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Isolation transformers

Dear Sir.
I have recently been revisiting an article in your December 2009 issue regarding earthing boats, and isolation transformers.
My boat has a domestic bank of two 110Ah batteries and uses an inverter for supplying onboard 240V. Could you please tell me if a mains operated battery charger (from shore power supply) to directly charge the domestic battery bank can be regarded as an isolation transformer, both from the safety point of view and also from the electrolytic corrosion point of view. I take it there would need to be a shield between primary and secondary windings. Is a standard automotive charger likely to have this or some special marine version required.
Many thanks for your help.
Kind regards
Paul Rawson

Asked by: paul rawson  | 11.34pm, Thursday 8 November

WW says:

Most battery chargers do not have transformers any more, they use switch mode technology which does not provide any isolation. Even if you can find one with a transformer the output will be earthed to ensure safety.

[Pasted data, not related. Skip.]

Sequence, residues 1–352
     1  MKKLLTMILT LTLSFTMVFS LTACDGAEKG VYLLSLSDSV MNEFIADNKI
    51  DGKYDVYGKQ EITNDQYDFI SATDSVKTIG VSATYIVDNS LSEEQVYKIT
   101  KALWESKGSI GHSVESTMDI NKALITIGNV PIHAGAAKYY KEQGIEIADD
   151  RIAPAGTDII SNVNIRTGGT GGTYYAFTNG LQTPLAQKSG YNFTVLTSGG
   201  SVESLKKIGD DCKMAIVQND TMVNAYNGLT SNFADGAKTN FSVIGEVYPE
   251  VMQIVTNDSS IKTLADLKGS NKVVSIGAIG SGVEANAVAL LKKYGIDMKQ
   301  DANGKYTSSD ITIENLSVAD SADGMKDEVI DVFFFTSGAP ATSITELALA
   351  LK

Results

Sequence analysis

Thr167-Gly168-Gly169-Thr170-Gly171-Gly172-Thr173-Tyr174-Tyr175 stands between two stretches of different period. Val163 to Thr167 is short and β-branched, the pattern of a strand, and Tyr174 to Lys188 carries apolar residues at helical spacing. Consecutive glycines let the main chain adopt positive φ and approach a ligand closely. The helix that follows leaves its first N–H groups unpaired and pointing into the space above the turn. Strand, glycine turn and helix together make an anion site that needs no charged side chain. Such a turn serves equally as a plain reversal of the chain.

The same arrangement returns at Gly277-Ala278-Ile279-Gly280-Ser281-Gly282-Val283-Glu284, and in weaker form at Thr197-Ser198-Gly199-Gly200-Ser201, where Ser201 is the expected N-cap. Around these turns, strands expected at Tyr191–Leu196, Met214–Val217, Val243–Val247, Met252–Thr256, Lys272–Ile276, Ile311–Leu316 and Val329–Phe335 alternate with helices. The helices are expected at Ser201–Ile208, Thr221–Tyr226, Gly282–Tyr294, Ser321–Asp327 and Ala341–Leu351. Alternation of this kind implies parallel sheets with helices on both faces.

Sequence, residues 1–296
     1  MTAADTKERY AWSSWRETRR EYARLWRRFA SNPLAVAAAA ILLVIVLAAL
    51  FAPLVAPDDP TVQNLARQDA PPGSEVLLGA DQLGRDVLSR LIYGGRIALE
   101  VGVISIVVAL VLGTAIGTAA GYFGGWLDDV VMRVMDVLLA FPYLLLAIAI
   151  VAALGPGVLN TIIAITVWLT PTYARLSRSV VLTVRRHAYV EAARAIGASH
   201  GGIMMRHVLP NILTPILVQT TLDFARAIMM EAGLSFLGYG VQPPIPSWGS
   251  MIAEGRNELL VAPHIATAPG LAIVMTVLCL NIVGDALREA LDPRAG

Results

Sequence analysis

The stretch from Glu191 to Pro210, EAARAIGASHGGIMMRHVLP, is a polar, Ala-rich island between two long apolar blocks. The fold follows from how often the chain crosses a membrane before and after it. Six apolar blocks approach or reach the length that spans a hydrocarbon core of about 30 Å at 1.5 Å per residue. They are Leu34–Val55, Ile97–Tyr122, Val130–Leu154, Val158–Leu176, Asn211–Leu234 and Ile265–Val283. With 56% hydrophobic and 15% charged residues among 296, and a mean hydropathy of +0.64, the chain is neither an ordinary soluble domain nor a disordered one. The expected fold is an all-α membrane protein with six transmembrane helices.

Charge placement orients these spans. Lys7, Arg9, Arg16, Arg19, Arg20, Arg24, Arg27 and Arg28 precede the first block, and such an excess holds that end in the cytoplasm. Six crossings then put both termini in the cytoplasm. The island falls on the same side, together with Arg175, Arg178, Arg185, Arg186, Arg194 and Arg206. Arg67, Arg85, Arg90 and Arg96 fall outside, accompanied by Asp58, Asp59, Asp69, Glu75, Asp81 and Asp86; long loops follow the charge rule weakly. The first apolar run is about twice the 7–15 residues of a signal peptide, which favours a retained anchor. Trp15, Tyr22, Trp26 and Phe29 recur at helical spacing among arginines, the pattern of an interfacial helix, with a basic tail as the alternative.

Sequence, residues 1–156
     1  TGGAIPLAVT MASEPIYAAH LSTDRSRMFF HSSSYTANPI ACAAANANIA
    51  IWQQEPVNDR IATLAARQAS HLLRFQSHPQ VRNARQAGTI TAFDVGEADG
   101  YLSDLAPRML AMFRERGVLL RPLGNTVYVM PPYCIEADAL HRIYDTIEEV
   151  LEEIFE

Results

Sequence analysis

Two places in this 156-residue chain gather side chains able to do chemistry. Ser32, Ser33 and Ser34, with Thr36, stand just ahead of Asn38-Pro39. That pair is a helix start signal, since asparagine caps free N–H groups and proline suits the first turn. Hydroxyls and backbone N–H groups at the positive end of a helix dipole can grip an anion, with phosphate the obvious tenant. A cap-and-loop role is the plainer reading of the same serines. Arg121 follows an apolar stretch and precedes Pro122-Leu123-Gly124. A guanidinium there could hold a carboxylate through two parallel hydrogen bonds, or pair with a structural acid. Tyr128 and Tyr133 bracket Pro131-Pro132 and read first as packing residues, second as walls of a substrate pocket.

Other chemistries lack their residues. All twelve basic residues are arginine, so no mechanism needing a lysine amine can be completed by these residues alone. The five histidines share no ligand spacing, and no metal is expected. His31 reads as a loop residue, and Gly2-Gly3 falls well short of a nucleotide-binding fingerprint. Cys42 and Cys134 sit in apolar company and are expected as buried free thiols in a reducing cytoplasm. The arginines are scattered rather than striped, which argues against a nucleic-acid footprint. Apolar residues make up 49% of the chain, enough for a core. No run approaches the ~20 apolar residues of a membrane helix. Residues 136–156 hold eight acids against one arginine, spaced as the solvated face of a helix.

The onboard mains wiring must be earthed to the hull, otherwise the RCCB (also known as an earth leakage circuit breaker) will not work to protect against electric shock. An isolation transformer is undoubtedly the best way to prevent electrolytic corrosion from connecting the boat to the network mains earth, a galvanic isolator fitted between the hull and the onboard mains earth will however also provide protection.

Rupert Smedley  | 10.38AM, Friday 9 November

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